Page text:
The market-place was an open square in the middle of the town. It had little booths and stalls all about it. The farmers brought their fresh vegetables and flowers, or whatever they had to sell, into these stalls, and then sat there waiting for customers.
 Kit and Kat helped their father to unload the boat. Then they sat down on a box, and Father gave them each some bread and cheese to eat; for they were hungry again. They put the cheese between slices of bread and took bites, while they looked about.
Soon there were a good many people in the square. Most of them were women with market baskets on their arms. They went to the different stalls to see what they would buy for dinner.
A large woman with a big basket on her arm came along to the stall where Kit and Kat were sitting.
"Bless my heart!" she said. "Are you twins?"
"Yes, Ma'am," said Kit and Kat. And Kat said, "We're five years old."
"O my soul!" said the large woman. "So you are! What are your names?"
"Christopher and Katrina, but they call us Kit and Kat for short." It was Kat who said this. And Kit said,
 "When we are four feet and a half high, we are going to be called Christopher and Katrina."
"Well, well, well!" said the large woman. "So you are! Now my name is Vrouw Van der Kloot. Are you helping Father?"
"Yes," said the Twins. "We're going to help him sell things."
"Then you may sell me a cabbage and ten onions," said Vrouw Van der Kloot.
 Father Vedder's eyes twinkled, and he smoked his pipe. Kit got a cabbage for the Vrouw.
"You can get the ten onions," he said to Kat. You see, really Kit couldn't count ten and be sure of it. So he asked Kat to do it.
Kat wasn't afraid. She took out a little pile of onions in a measure, and said to Vrouw Van der Kloot,
"Is that ten?"
Then Vrouw Van der Kloot counted them with Kat, very carefully. There were eleven, and so she gave back one. Then she gave Kat the money for the onions, and Kit the money for the cabbage.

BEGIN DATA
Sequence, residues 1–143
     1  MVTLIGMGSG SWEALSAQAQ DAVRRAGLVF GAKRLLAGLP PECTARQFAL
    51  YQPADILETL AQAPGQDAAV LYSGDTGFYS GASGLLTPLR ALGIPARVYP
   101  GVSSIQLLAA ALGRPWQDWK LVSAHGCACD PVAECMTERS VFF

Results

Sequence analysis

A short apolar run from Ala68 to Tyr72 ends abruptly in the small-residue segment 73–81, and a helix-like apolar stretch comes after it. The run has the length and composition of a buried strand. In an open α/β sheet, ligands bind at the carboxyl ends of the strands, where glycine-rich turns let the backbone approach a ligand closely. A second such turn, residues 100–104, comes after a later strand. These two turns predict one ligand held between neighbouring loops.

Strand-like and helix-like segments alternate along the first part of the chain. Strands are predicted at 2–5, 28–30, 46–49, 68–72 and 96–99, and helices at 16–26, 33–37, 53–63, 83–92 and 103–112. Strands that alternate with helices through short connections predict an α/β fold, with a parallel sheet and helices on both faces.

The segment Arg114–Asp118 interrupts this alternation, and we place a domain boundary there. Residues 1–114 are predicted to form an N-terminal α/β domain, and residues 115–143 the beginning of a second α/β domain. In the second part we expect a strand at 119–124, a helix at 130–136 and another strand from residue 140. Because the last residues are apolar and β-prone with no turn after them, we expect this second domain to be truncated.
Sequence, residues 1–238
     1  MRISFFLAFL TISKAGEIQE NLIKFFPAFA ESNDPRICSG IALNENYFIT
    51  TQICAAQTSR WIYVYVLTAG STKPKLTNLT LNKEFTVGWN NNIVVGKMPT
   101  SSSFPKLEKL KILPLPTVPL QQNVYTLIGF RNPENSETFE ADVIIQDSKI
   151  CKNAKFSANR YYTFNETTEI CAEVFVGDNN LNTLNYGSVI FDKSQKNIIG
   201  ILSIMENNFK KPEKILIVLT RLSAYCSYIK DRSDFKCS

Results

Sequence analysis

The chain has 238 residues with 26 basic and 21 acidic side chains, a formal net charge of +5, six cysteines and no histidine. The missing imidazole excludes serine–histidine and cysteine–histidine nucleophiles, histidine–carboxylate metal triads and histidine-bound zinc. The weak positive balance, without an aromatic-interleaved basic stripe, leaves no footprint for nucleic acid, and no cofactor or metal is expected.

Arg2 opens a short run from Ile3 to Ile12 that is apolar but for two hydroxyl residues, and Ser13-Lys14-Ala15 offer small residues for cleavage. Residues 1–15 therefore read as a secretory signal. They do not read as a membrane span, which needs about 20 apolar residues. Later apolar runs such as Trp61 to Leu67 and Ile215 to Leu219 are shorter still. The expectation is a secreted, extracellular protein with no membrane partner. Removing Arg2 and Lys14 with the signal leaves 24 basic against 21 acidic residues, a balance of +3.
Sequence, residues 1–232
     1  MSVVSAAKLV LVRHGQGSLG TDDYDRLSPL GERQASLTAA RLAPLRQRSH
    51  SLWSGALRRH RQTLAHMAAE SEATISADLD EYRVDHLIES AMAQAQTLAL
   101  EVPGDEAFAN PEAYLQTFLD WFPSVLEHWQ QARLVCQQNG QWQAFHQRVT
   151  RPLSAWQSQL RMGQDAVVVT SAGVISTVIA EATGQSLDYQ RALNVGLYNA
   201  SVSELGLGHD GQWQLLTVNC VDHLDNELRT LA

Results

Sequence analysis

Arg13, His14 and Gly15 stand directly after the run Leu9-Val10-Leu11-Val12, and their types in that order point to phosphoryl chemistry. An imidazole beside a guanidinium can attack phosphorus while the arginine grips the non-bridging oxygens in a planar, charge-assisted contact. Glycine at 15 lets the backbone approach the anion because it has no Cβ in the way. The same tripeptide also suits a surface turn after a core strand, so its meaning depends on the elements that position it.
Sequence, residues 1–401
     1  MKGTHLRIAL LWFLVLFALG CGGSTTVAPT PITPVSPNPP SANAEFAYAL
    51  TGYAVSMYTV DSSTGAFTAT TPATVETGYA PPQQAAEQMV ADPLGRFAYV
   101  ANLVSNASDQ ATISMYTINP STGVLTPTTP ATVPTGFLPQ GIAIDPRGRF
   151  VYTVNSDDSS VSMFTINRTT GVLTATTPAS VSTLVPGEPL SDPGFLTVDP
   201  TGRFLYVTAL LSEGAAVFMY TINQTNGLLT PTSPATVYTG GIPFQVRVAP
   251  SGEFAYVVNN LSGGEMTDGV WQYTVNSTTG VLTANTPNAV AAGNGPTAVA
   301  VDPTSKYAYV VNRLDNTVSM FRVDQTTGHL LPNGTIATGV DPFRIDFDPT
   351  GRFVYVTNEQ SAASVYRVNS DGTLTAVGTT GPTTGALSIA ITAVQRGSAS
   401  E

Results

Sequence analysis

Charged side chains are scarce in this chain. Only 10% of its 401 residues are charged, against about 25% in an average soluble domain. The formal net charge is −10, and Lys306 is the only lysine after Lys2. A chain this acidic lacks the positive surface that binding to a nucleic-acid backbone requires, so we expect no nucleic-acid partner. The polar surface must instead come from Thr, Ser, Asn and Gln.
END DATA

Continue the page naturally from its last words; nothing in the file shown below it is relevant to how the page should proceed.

Father Vedder said,
"Now Kit and Kat, by and by, when you get hungry again, you can go over to Vrouw Van der Kloot's stall and buy something from her. She keeps the sweetie shop."
"Oh! Oh!" cried Kit and Kat. "We're hungry yet! Can't we go now?"
"No, not now," said Father. "We must do some work first."
 The Twins helped Father Vedder a long time. They learned to count ten and to do several other things. Then their father gave them the money for the cabbage and the ten onions they had sold to Vrouw Van der Kloot, and said,
"You may walk around the market and look in all the stalls, and buy the thing you like best that costs just two cents. Then come back here to me."
 Kit and Kat set forth on their travels, to see the world. They each held the money tightly shut in one hand, and with the other hand they held on to each other.
"The world is very large," said Kit and Kat.
They saw all sorts of strange things in the market. There were tables piled high with flowers. There was a stall full of birds in cages, singing away with all their might. One cage had five little birds in it, sitting in a row.
"O Kit," cried Kat, "let's buy the birds!"
They asked the woman if the birds cost two cents, and she said,
"No, my angels; they cost fifty cents."
You see, now that the Twins could count ten, they knew they couldn't get the birds for two cents when they cost fifty. So they went to the next place.
There, there were chickens and ducks for sale. But the Twins had plenty of those at home. There were stalls and stalls of veg-  etables just like Father's, and there were booths where meat and fish and wood and peat were sold. But the Twins couldn't find anything they wanted that cost exactly two cents.
At last, what should they see but Vrouw Van der Kloot's fat face smiling at them from a stall just full of cakes and cookies and bread, and chocolate, and honey cakes, and goodies of all kinds.